She told him she didn’t want a dog – repeatedly. They had a cat, and that was enough for her. She had grown up with messy, stinky pets; she didn’t see that as something she wanted for herself. He didn’t listen. He wanted a dog, and he knew that if he put a cute, helpless little being in front of her, she wouldn’t be able to resist the urge to reach out and immediately meld with the soul inside of that tiny being. He knew her. He understood the soul.
He planned it without her knowing. It was Christmas time, and he headed out to find a little buddy as a gift to them both. A gift to them three. At the place he would find his buddy, he was right away presented with the generous offer of one little pup with a bulbous eye. They stuck the pup out in front of him, and in a sacrificial gesture said, “You can have this one.”
Although tempted, he kept going. Out of all the excited, yearning, yelping beings, he saw a little buddy sitting in the back of the group. Shying away from the rest, not attempting to be taken. He knew that’s the one he wanted – the one who didn’t want him.
He scooped up the little pup and put him in a box of Santa hats. He set the box beside her. She turned to see a butterscotch blob among the red and white felt. She reached inside of the box, and pushed aside the shifting hats; she lifted him up and looked into his eyes. That tiny little baby boy fit into the palm of her hand, and moved right into her heart. He settled there, in a spot he will be for the rest of her life. It was simple.
He ran around on their wedding day, during the ceremony, between their guests’ legs. He developed a fear of loud noises during a lively Fourth of July celebration. He took his first dip in a lake. Swimming was his bag after that. Sticks, so many sticks. Sticks and chasing sticks, throwing sticks, fitting as many as possible in his mouth after retrieval, upset and confused when she attempted to take and throw them again.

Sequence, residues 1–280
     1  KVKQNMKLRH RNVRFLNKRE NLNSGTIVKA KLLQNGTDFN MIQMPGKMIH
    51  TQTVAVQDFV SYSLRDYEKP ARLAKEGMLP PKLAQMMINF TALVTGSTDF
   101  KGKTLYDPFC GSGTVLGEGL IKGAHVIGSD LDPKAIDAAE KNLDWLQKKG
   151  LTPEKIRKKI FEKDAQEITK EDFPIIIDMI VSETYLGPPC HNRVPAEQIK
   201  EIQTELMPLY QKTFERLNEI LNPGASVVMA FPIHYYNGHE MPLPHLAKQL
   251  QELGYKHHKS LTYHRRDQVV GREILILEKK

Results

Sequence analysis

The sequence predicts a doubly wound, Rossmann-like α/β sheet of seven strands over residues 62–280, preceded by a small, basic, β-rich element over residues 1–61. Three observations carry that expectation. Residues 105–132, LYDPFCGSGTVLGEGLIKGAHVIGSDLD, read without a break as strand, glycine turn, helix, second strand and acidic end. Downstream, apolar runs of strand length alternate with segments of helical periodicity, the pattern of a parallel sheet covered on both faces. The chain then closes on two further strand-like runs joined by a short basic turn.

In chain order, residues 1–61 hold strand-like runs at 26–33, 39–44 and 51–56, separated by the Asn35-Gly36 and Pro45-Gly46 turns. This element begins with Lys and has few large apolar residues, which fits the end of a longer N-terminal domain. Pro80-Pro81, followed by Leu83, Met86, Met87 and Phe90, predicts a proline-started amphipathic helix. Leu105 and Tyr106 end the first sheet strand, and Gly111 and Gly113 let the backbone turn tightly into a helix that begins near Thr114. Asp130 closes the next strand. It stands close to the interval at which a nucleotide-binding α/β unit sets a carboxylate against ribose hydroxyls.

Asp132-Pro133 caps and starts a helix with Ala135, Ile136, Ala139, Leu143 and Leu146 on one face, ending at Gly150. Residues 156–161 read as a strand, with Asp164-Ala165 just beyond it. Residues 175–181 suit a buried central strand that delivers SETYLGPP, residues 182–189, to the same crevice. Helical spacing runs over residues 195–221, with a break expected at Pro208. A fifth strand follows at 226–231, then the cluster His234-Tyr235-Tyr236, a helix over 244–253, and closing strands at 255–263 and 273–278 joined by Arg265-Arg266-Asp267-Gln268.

For most of his life, he didn’t use a leash. That is, not until they moved to the city. He never forgave them for using a leash after that. It was an insult – he was better than that. He never liked it when other dogs came near his people. He gave clear instructions for them to back off. And, he loved dirty socks – a passionate, obsessive love.
She loved to kiss him between the eyes. To press her nose against that spot and smell his head. She loved to hug him, to squeeze her love into his body. The hugs were always so sweet; the love radiated through her. He pushed his head into her chest. He rested the weight of his body on her – that’s when she felt the most love from him, when he rested on her. As he got older, she would massage his joints. They were tired and sore. She was so sad when he couldn’t go on walks anymore. She walked alone the last few months of his life.
So long ago, he had arrived as a present for her, and from that very moment, she was meant to reciprocate. That would be her responsibility, to give back to him. Yesterday, together, they gave him that gift, the only gift that they would ever be able to give him.
The rest of it had always been a gift for them, the people, as the owners of a dog.